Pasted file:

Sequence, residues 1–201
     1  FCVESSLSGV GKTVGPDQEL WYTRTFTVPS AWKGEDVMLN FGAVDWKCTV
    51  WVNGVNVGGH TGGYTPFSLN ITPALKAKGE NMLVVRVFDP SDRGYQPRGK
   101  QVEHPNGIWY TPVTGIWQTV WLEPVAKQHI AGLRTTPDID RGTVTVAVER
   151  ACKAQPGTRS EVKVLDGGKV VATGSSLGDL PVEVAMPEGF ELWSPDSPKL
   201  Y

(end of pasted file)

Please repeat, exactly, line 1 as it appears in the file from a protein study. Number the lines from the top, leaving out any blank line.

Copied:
Sequence, residues 1–201